Thomas More’s upright moral sense and how he tries to find loopholes to defend himself. More strongly opposes Henry’s divorce but he rather than speak out against the Oath of Supremacy. More respects God’s law above all else, but he also does not pretend to understand it. Therefore, he sees man’s law best guide to action, even if it sometimes contradicts God’s law. His approach to moral action is sensible but not like Cromwell or Rich, if More sometimes seems like a hypocrite, it is because he is trying to keep his respect for the law and society balanced with his intelligence of himself. He obeys the law fully, and, in the end, the prosecution has to come up with false charges to execute him. Corruption
A Man for All Seasons focuses on the rise of Richard Rich as much as it follows the fall of Sir Thomas More. As More’s persistent self gets him killed. Rich becomes wealthier and retrieves greater status by selling out his friend and his own moral principles. Although Rich at first laments his loss of innocence, by the end of the play he has no thought of innocence anymore. Near the end of act one, Rich gives Cromwell information about the silver cup –that was given to him by More- in exchange for a job. Rich laments that he has lost his innocence, and the scene suggests that Rich has sold his soul to the devil. Cromwell himself suggests the devil as he cunningly tricks Rich into selling out before cramming Rich’s hand into a candle flame.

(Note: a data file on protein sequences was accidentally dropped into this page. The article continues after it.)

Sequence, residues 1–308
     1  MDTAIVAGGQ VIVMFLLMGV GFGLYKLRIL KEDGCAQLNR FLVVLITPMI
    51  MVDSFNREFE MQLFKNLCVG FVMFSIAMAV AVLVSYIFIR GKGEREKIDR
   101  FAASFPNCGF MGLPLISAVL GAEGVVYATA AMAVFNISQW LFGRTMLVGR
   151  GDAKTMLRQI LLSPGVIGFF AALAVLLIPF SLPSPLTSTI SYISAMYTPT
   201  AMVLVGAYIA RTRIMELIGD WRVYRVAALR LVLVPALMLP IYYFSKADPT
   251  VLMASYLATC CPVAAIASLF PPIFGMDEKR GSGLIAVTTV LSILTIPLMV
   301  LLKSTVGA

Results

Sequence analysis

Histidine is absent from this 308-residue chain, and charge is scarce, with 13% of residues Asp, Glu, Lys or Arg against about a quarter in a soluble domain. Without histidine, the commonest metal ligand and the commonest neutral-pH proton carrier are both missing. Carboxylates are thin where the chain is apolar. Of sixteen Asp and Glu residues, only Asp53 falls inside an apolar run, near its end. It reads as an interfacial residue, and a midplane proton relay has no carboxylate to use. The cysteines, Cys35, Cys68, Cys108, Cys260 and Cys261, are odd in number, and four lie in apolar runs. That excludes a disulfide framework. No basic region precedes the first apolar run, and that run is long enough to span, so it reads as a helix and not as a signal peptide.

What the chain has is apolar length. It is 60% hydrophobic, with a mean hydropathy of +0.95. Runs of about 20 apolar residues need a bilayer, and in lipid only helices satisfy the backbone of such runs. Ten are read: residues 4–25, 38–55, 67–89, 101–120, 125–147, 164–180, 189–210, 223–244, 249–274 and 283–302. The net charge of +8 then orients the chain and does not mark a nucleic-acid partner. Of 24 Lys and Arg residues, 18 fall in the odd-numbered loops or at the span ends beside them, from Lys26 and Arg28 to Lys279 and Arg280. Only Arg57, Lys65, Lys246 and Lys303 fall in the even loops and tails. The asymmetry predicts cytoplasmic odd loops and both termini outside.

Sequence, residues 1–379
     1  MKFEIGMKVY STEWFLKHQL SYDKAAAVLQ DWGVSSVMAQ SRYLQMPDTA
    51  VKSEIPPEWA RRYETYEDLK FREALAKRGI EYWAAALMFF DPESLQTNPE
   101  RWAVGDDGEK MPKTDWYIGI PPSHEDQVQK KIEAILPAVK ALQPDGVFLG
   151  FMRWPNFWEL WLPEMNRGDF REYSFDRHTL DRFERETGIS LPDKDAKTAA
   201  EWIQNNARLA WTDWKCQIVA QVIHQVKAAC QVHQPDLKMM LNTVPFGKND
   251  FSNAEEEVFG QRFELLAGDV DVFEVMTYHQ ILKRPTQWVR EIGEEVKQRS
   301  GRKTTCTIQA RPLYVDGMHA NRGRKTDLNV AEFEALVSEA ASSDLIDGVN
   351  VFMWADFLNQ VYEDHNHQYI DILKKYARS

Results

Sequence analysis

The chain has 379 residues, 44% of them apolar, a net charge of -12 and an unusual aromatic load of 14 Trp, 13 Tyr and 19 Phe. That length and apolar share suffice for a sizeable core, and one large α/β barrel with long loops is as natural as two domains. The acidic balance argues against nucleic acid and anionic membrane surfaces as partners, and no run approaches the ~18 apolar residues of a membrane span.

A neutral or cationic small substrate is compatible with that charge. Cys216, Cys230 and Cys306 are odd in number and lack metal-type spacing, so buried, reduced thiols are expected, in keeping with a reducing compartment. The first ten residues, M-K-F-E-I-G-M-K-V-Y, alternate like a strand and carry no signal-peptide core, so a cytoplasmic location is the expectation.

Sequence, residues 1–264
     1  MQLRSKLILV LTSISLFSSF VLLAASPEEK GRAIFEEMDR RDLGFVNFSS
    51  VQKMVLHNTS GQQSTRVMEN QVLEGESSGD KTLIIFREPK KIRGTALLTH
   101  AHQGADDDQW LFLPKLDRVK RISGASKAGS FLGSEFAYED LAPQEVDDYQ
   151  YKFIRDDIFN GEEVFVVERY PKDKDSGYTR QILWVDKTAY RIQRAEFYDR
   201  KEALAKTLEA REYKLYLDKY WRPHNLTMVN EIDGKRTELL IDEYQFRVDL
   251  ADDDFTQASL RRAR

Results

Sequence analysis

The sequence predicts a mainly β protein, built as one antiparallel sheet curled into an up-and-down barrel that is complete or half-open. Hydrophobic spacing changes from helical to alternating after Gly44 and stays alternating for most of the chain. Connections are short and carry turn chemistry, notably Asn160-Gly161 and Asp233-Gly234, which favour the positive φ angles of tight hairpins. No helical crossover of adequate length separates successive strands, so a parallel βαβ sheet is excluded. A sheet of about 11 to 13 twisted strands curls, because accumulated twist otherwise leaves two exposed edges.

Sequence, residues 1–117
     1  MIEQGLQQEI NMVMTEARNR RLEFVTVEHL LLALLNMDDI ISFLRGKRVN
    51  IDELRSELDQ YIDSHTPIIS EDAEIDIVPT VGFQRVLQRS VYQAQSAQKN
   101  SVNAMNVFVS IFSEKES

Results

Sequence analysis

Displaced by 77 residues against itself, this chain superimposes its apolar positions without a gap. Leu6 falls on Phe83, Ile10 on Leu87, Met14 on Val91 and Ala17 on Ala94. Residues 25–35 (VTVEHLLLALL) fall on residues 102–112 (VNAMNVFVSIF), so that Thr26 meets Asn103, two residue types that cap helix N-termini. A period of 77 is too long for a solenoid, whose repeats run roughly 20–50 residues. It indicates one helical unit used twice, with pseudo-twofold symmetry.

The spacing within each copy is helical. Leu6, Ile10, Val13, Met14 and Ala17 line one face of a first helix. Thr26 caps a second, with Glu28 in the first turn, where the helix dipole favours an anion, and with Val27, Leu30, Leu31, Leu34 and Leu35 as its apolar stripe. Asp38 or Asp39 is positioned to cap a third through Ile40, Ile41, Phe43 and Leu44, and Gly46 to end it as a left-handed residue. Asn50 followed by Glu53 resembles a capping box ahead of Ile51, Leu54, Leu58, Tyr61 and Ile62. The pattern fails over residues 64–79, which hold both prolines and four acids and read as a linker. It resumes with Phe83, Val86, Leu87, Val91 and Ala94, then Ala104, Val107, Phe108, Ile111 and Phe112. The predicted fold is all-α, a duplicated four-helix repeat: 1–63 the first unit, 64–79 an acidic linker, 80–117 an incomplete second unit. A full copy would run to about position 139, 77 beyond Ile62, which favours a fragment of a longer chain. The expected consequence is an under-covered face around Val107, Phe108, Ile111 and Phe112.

The Self and Friendship
Through its portrayal of More’s personal relationships, the play shows that you can be true to yourself and a good friend to others. Overall More looks inwardly for his strength and comfort. He appears to be more of a teacher than a friend or a lover. He relies on his own conscience as his guide, and through tests and through the example he sets, he attempts to teach others to do the same which is how he shows his friendship and love. The play shows that More’s self-confidence is not...
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